Well, What a Fine Kettle of Fish This Is!

We heard it was coming ever since the Department of Justice hinted the FDA was contemplating a change to permit generic application holders to revise their labeling to make safety changes.  Something the Supreme Court actually said generic companies could not do in the Mensing and Bartlett decisions.  The Office of Information and Regulatory Affairs of the Office of Management and Budget made the post below that described the intention of the publication of a proposed rule on Reginfo.gov.

HHS/FDA RIN: 0910-AG94 Publication ID: Spring 2013

 

Title: Supplemental Applications Proposing Labeling Changes for Approved Drugs and Biological Products
Abstract: This proposed rule would amend the regulations regarding new drug applications (NDAs), abbreviated new drug applications (ANDAs), and biologics license applications (BLAs) to revise and clarify procedures for changes to the labeling of an approved drug to reflect certain types of newly acquired information in advance of FDA’s review of such change. The proposed rule would describe the process by which information regarding a “changes being effected” (CBE) labeling supplement submitted by an NDA or ANDA holder would be made publicly available during FDA’s review of the labeling change. The proposed rule also would clarify requirements for the NDA holder for the reference listed drug and all ANDA holders to submit conforming labeling revisions after FDA has taken an action on the NDA and/or ANDA holder’s CBE labeling supplement. These proposed revisions to FDA’s regulations would create parity between NDA holders and ANDA holders with respect to submission of CBE labeling supplements.
Agency: Department of Health and Human Services(HHS) Priority: Other Significant
RIN Status: First time published in the Unified Agenda Agenda Stage of Rulemaking: Proposed Rule Stage
Major: Undetermined Unfunded Mandates: No
CFR Citation: 21 CFR 314.70; 21 CFR 314.97; 21 CFR 314.150; 21 CFR 601.12
Legal Authority: 21 USC 321; 21 USC 331; 21 USC 352; 21 USC 353; 21 USC 355; 21 USC 371; 42 USC 262; …

 

 

The projected time for publication of the Notice of Proposed Rule Making (NPRM) was cited as September 2013. 

We have discussed potential problems with permitting generic companies to change their labeling without following the brand name changes or FDA mandated changes in other posts.  Such problems include, but are not limited to, inconsistencies in labeling, confusion of the physicians and patients due to differing information in labeling, procedures for label changes after a single generic manufacturer changes its label.  There will be a potential for defensive over-warning, which may have the tendency of warnings to have less of an impact.  The proposed change also raises other important questions like: Would other generics be expected to revise their labeling to comply with the first generic’s changes?  What about NDA holders – should they be required to make those same changes?  There is also one other major obstacles, in that the law requires generic labeling to comply with the reference listed drug (RLD) labeling.  Can a rule change trump the statute?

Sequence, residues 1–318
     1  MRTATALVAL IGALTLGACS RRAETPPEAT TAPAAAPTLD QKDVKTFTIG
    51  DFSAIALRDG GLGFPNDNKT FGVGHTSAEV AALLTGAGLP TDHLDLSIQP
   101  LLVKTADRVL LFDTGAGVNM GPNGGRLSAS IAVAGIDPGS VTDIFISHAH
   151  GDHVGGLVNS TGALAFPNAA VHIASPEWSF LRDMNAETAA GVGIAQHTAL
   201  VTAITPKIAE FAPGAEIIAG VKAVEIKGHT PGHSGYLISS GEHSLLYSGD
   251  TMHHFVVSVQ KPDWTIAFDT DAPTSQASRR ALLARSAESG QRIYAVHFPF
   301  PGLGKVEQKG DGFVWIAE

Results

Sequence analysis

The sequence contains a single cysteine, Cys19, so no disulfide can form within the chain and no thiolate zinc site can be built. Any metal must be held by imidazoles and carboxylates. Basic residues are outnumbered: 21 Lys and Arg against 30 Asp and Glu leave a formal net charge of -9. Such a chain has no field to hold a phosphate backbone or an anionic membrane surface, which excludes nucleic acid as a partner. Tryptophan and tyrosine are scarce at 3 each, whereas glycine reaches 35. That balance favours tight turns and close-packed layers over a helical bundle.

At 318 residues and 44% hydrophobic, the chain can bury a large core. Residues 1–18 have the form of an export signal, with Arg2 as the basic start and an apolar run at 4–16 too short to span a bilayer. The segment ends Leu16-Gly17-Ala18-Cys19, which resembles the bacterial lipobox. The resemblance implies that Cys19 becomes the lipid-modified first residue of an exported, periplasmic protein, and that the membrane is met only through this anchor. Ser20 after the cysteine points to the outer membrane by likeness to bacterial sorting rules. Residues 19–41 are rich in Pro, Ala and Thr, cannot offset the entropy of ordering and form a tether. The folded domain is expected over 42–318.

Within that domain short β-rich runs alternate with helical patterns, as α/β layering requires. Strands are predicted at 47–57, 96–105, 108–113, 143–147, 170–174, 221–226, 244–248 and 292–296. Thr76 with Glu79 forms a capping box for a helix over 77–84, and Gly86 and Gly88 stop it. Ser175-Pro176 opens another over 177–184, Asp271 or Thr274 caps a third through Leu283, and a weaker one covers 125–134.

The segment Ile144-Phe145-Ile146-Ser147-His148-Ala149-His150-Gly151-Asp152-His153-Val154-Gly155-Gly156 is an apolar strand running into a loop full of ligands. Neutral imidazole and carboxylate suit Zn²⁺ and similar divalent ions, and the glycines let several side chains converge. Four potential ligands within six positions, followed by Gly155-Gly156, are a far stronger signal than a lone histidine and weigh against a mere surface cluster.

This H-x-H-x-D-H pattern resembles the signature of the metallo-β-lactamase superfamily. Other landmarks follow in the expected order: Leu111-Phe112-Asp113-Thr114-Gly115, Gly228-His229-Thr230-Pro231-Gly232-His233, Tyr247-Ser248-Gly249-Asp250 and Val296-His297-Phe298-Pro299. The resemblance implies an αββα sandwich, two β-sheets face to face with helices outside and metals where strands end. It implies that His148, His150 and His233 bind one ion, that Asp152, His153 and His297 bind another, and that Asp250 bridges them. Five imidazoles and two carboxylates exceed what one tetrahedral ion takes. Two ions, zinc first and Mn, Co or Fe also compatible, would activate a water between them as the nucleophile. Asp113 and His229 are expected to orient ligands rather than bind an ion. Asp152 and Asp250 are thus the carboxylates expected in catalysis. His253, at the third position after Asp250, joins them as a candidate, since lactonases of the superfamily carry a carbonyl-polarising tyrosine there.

While the current system has been working well for over 30 years, some claim that the Mensing and Bartlett cases decided by the Supreme Court take away the ability of injured patients to gain relief through the courts.  As mentioned in my post of June 26, 2013 (here), the Supreme Court’s decisions let the safety and efficacy determinations stay in the hands of the FDA where it belongs and not in the hand of a jury or the Court.  Perhaps the real solution is not to change the regulations, but to revise the tort system.  Maybe now is the time to consider a program like the National Vaccine program that permits compensation for patients injured by a vaccine.

We know that every drug has side effects and some are devastating.  But it is the physician and the patient that must decide if the risk of taking the drug outweighs the benefits for the specific individual.  Once the decision to take a drug is made, then there must also be acceptance of the risk associated with the treatment. Hatch-Waxman did create a difference between innovators and generic applicants and assigned them different responsibilities.  The legislation struck a balance that permitted certain benefits to accrue to the innovator in terms of patent and exclusivity protection in turn for permitting generics applicants to rely on the safety and efficacy findings of the FDA and that of the innovator product.

Allowing every generic applicant to changes its label on its own will not change a thing.  Physicians typically do not read the generic label and rely on the labeling of the brand name product and/or their knowledge of the drug.  This idea of a proposed rule that would allow a generic labeling change could also shift the burden of warnings relative to the myriad of generic products more from the physician to the pharmacist.  In a defensive maneuver to limit liability, pharmacists may seek to stock a generic product that has the most warnings, even if the labeling is eventually not approved by the FDA and some of the warnings are found to be inappropriate.  In my opinion (and for a number of reasons), this potential rule change could cause real chaos in the marketplace.  Keep your eyes open in September for the NPRM, we will report more on it when it is published.